…is more happy memories! Below some of our readers share their favorite moments, feelings, and tastes of Christmas!
When money was scarce and we had to keep a small town cricket team afloat it was a yearly affair for the cricket team and all friends to go out carol singing in a big group in the night to all the houses in the nearby areas.
The households would offer us cakes, coffee and all of them would make a cash contribution to the club. The money we got from the Christmas season’s carol singing efforts would be used to buy cricketing gear and keep the cricketing activities going on for the next year. So what if I could not sing? The fun we had was awesome. Merry Christmas.
In Sri Lanka where I grew up, there were many children who didn’t have the incredible Christmas I had. Thus, in retrospect, the best Christmas memory I have from my childhood is going with my friends to the local orphanage, to spend a day close to Christmas with the orphans. We taught them the Christmas carols we knew and played Christmas-themed games with them. We then sang the Christmas carols whilst sharing lunch with them. I vividly remember the children loving the fruit-and-nut ice cream the most out of all the festive sweets we had brought for them. At the end of the day, we gave them Christmas gifts like coloured pens and sparkling notepads.
There is no better time to be a child than at Christmas, so my favourite festive memory lies in the hope that I made another child’s Christmas just a little better.
The Christmas Feasting starts at lunch for us. All our relatives join us at our home. The moms get into the kitchen to prepare lunch while we kids play. A dish my mom makes every year and that I love is spinach chicken curry. We have it with appam (South Indian bread made out of rice flour and coconut). It is something I look forward to every Christmas! Wishing you all a very merry “feastful” Christmas!
I love getting the Christmas decorations up all around the house. It gets us into the mood of Christmas and makes the atmosphere all jolly and stuff. My favorite piece of decoration is a huge poster of Santa winking. We’ve had it for ages and I remember staring at it from up close as a little girl and wondering who Santa was winking at. T’is the season to be jolly! Merry Christmas!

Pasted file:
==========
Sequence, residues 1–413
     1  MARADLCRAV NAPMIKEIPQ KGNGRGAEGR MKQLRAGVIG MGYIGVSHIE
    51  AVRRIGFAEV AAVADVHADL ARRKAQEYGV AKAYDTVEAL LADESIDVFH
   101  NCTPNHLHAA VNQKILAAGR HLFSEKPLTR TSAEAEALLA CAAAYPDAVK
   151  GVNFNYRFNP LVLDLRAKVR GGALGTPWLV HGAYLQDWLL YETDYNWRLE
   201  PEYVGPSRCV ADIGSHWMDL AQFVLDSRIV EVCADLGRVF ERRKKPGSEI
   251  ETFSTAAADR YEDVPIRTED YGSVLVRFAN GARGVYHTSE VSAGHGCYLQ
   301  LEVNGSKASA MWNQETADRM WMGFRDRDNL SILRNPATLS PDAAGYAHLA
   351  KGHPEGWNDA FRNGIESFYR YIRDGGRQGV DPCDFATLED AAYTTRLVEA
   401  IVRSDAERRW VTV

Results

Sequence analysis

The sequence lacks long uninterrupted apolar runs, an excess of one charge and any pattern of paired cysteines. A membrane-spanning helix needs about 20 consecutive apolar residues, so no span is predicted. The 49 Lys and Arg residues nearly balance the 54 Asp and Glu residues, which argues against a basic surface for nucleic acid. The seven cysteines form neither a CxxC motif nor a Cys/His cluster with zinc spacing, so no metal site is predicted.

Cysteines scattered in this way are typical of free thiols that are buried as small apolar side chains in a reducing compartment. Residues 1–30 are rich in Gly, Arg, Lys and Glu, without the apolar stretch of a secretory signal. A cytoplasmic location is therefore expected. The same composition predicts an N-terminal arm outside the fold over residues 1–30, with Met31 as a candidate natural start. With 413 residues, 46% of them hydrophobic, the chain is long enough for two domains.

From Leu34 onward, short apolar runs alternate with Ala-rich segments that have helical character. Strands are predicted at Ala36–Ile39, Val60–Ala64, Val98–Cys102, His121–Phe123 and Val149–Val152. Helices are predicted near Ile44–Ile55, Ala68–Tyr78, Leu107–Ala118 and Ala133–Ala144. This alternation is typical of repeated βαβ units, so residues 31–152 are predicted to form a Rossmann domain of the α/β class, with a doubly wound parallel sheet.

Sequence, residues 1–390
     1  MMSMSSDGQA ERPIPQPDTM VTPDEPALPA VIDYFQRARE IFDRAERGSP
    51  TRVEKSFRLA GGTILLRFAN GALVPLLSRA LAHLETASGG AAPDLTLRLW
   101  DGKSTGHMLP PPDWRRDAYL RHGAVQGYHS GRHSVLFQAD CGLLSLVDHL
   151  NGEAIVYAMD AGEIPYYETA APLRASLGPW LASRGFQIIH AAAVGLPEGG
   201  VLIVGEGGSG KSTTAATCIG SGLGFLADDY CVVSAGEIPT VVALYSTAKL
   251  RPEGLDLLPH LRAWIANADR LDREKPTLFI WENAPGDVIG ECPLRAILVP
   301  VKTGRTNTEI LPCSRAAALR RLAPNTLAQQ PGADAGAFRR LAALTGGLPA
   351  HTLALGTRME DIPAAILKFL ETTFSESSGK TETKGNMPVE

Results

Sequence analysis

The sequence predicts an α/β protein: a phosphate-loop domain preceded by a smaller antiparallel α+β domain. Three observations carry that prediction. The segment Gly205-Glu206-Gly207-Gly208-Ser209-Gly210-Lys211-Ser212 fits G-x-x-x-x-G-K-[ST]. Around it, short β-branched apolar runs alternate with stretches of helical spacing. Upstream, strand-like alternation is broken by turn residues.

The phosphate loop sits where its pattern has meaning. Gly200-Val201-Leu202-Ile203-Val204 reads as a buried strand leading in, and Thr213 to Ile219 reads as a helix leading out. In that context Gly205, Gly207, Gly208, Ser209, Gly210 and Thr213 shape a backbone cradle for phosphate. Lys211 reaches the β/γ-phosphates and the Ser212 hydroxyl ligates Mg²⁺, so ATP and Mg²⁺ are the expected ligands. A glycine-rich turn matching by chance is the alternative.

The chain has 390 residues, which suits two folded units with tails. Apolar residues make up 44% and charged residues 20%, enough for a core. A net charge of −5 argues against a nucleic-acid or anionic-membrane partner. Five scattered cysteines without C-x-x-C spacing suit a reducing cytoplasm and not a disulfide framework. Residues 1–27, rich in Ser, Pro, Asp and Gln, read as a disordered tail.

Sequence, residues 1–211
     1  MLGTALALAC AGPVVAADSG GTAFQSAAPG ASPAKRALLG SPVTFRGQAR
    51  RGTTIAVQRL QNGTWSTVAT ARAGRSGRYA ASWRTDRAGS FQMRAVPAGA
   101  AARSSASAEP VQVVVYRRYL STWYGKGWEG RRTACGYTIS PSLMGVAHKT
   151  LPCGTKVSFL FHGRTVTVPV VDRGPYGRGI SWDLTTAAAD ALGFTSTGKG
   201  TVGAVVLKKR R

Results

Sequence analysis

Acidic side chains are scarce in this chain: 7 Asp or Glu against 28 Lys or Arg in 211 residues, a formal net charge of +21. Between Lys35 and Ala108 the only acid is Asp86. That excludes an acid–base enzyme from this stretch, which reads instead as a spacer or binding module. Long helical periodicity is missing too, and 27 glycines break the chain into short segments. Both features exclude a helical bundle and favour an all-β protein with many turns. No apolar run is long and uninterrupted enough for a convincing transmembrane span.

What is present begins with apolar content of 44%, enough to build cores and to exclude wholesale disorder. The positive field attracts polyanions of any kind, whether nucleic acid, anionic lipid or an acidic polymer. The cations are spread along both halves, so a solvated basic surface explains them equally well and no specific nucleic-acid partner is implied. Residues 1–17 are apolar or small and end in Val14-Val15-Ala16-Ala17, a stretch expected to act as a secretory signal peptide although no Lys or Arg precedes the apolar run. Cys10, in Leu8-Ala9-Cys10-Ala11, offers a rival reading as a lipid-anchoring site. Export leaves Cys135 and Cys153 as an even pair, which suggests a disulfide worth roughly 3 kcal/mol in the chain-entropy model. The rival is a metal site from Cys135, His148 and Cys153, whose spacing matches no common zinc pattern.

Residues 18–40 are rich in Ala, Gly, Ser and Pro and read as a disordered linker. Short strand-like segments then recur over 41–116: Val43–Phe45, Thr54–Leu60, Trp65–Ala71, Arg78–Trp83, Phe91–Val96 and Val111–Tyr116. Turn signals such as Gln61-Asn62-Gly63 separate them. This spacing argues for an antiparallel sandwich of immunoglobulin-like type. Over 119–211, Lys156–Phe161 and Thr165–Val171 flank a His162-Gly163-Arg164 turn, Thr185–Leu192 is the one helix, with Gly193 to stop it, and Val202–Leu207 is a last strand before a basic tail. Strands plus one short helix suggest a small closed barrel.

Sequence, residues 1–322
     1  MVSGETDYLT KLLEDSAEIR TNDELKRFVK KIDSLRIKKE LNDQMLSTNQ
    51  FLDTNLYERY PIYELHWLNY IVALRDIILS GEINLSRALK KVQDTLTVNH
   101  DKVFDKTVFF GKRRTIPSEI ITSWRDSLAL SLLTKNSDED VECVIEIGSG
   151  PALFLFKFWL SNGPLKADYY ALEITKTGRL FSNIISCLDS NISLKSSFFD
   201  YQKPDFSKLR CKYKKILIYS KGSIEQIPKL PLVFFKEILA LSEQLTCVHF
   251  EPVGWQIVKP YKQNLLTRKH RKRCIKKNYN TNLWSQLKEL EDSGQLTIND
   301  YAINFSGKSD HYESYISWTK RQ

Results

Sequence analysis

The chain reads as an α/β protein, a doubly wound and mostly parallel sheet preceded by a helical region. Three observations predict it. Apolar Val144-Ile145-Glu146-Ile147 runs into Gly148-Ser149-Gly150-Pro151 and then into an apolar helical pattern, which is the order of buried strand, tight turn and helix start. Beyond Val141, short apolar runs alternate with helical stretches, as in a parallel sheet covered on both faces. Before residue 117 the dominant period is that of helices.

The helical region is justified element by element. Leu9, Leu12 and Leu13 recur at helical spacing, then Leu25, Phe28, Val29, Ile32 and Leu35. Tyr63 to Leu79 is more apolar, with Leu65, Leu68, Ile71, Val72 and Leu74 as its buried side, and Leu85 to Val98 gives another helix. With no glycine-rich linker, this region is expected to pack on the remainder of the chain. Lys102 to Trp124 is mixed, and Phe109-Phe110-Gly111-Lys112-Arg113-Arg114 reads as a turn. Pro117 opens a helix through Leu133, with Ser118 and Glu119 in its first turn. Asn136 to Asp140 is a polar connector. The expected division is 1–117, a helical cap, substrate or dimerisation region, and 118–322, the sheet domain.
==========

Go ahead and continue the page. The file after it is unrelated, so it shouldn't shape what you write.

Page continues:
Things I remember about Christmas right from childhood is that I come from a family with the head of the family being an executive sous chef and so everything in its pure and natural form was brought into the house from fresh burgers to the freshest Christmas tree in store, which would be put up at the end of November; it would then be followed by the entire family getting together wearing Christmas colours to prepare sweets. Raisins would be soaked in rum for days, long letters explaining how good you’ve been throughout the year, and asking for that one big gift to be put in a Christmas stocking. Carols would be played until we’d go to bed; a lot of photographs were clicked while our faces would have flour on them.
Christmas in Goa would be getting home after midnight mass, changing into casuals, riding bikes, visiting people and drinking champagne and eating cake all night. Christmas in Mumbai would be paying to get a Santa to come over after midnight to wish your kids and giving them Christmas gifts to keep the spirit of Christmas and Santa Claus alive. Christmas would be even more joyful when the poor would get some of our very own belongings so that they too believe in the festive season. The games played in school would keep us wondering who our Christ mom was, showering us with gifts, letters, affection and love. Last but not the least, the tradition of kissing under mistletoe was followed wherever we saw it.